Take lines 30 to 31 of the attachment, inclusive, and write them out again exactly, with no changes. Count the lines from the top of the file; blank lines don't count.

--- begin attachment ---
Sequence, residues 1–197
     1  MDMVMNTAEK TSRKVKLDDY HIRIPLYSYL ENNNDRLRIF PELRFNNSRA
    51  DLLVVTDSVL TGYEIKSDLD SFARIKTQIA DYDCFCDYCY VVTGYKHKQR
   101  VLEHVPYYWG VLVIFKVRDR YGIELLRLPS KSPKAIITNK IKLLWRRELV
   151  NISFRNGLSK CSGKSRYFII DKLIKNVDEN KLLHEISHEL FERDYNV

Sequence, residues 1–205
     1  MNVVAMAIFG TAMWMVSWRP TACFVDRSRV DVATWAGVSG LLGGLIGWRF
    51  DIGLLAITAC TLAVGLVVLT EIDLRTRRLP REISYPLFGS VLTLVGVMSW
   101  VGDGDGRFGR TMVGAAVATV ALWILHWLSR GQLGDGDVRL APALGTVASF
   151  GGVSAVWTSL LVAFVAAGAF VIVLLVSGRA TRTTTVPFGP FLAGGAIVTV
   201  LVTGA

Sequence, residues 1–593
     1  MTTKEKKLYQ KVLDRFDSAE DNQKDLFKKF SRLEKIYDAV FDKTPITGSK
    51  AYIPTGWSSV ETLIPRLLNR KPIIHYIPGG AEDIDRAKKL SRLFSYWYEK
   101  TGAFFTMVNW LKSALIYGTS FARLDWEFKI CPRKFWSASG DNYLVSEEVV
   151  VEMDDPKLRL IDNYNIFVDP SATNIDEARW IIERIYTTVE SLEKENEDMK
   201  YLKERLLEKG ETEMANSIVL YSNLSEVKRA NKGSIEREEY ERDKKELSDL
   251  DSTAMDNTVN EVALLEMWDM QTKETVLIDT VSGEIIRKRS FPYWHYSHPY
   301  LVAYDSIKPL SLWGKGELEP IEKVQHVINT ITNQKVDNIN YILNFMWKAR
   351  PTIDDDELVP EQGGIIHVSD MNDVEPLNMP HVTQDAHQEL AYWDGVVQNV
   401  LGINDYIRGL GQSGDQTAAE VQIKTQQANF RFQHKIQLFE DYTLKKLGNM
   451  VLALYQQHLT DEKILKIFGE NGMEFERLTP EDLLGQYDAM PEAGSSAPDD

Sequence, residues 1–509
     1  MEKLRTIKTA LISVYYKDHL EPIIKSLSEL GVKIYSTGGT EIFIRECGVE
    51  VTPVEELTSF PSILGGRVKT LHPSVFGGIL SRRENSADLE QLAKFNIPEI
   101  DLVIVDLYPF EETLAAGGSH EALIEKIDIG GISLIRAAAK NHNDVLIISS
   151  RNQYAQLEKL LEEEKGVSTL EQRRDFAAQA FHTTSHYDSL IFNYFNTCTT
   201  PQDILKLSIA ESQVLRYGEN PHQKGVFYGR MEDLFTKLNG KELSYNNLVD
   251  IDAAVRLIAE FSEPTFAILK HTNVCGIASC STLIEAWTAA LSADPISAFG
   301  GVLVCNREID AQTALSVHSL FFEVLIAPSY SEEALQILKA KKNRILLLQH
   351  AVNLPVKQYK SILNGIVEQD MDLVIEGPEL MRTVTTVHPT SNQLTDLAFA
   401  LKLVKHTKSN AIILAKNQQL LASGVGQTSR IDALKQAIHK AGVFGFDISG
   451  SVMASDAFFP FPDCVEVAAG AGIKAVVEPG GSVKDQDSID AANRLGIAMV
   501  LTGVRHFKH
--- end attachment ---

   301  GVLVCNREID AQTALSVHSL FFEVLIAPSY SEEALQILKA KKNRILLLQH
   351  AVNLPVKQYK SILNGIVEQD MDLVIEGPEL MRTVTTVHPT SNQLTDLAFA